There are striking regional differences. The ratio in the state of Haryana is the lowest in India, although it registered a small increase from 819 from 2001 to 830 in 2011. The best state, overall, is northeastern Mizoram, at 971. The lowest district in the country is Jhajjar, in Haryana, with a ratio of 774. Even in the capital, Delhi, the ratio slipped from 868 to 866.
Portable ultrasound machines and readily available abortion have made the decline in the number of baby girls possible, but its cause is a deep-seated preference for male offspring. A 1994 law banning sex-selective abortions set down stiff penalties, but with a wink and a nod its strict safeguards are easily circumvented.
And while a falling birth rate may give good cheer to supporters of limits on population growth, it makes the sex ratio far worse. When people choose to have only one or two children, they choose boys. "The issue of discrimination is one that is deep rooted in the Indian society," says Ravi Verma, director of the Asia office of the International Center for Research on Women. "With fertility decline, the preference for son is becoming stronger." ~ WSJ.com, March 31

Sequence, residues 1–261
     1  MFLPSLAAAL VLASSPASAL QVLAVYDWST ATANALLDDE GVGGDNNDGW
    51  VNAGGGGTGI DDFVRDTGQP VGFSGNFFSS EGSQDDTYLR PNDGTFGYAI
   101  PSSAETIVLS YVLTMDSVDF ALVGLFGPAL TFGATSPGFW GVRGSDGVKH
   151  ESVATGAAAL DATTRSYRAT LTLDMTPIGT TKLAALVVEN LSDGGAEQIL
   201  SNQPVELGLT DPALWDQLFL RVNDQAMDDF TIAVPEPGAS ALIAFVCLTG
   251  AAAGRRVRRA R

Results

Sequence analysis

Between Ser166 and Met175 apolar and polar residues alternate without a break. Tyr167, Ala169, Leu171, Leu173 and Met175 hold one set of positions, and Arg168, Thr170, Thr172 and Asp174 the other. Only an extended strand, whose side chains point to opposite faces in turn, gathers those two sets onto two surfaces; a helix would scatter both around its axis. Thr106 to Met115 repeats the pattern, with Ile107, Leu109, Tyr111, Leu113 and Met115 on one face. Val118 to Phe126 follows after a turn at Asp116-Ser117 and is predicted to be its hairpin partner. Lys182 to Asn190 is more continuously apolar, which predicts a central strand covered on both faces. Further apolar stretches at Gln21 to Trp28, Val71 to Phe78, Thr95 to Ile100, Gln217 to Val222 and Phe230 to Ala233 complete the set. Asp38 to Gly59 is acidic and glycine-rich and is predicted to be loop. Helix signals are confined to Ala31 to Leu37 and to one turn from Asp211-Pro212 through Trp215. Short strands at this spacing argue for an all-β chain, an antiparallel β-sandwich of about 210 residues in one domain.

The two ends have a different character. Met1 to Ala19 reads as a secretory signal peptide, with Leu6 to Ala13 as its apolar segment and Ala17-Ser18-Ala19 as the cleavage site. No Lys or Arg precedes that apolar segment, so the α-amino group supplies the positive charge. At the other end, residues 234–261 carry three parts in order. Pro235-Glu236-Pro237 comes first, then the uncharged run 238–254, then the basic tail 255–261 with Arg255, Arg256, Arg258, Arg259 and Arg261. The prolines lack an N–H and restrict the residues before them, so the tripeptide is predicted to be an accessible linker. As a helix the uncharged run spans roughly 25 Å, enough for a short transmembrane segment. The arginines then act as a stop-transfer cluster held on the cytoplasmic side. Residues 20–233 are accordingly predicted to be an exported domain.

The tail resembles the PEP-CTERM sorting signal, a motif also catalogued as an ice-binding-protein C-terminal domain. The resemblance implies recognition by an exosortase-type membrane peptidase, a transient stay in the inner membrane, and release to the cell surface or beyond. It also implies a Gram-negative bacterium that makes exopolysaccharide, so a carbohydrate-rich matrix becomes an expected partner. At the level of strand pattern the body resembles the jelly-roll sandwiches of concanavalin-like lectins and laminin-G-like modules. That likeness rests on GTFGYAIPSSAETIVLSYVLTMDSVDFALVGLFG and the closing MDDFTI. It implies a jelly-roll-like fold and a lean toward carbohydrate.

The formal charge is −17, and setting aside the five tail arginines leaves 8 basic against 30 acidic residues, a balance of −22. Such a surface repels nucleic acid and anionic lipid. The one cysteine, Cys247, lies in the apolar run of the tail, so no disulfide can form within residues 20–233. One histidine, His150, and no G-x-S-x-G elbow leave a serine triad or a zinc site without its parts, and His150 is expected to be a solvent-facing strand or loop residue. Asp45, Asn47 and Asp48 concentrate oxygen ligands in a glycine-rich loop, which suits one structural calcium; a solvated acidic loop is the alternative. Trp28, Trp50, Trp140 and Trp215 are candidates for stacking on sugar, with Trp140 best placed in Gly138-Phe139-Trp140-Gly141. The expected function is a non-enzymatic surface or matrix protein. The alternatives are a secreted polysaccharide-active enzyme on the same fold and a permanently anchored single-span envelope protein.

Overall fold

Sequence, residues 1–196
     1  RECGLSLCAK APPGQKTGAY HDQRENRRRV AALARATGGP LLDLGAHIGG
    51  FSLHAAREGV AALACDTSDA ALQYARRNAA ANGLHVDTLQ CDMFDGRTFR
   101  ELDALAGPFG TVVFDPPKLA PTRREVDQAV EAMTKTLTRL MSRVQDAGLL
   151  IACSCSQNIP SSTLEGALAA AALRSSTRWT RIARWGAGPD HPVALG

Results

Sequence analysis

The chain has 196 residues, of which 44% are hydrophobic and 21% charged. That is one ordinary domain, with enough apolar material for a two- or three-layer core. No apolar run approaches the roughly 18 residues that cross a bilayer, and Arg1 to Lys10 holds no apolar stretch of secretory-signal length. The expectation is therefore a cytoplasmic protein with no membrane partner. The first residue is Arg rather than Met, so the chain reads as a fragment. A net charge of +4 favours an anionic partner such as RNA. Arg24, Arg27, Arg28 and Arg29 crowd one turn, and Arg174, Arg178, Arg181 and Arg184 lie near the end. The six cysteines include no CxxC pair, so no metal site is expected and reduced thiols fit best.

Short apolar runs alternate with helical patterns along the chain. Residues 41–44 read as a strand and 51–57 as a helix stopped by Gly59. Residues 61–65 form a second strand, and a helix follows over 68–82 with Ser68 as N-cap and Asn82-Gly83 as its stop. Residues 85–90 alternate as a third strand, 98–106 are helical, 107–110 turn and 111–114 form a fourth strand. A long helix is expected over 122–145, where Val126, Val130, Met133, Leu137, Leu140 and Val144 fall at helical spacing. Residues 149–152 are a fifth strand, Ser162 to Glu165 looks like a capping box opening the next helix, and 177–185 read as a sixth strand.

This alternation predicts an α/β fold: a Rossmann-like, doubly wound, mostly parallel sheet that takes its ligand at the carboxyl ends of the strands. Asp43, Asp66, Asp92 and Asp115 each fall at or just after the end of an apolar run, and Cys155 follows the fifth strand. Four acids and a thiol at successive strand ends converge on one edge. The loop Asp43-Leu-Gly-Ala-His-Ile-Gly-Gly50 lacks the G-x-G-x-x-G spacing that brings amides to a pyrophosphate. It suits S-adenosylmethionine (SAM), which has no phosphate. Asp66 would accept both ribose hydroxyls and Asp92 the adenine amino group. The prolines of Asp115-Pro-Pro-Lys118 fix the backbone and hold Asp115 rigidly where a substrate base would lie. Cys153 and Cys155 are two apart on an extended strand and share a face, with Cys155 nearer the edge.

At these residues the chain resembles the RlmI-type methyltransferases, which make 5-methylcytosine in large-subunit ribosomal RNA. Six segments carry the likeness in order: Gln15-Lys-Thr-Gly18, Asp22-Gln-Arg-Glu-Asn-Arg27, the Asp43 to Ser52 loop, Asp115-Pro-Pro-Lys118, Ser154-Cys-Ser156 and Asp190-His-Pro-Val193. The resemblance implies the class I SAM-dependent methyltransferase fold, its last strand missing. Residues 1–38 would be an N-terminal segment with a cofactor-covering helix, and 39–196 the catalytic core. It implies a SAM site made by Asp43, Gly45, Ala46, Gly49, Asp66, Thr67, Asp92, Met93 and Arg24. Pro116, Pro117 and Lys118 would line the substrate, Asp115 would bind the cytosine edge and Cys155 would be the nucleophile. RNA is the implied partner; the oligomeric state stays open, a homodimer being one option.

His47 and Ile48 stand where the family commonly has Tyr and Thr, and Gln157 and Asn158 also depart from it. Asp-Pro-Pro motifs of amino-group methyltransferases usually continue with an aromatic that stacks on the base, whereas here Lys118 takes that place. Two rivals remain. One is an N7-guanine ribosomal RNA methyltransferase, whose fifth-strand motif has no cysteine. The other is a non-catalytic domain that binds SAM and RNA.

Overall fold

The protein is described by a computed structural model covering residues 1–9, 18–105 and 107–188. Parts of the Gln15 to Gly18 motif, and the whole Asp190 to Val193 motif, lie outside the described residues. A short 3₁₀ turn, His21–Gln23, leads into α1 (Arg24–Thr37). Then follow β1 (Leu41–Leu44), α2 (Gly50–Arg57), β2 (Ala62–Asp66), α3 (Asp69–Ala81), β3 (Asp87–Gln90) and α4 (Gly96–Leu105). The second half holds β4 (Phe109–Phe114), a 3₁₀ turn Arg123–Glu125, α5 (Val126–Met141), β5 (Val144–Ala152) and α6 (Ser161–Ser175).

Mothers in India -- as well as several other Southeast Asian nations -- tend to prefer to give birth to boys rather than girls. Consequently, many of these pregnant mothers in the Far East abort the fetus they are carrying if they know they are expecting a girl.
This practice is especially used in China, where the Chinese government only allows each Chinese family to have just one child, due to China's enormous population of nearly two billion people.
Why do these people prefer to have boys rather than girls? Perhaps the most important reason is that boys are stronger than girls; therefore, boys are usually more productive in working on family farms and in performing most strenuous tasks.
Post a Comment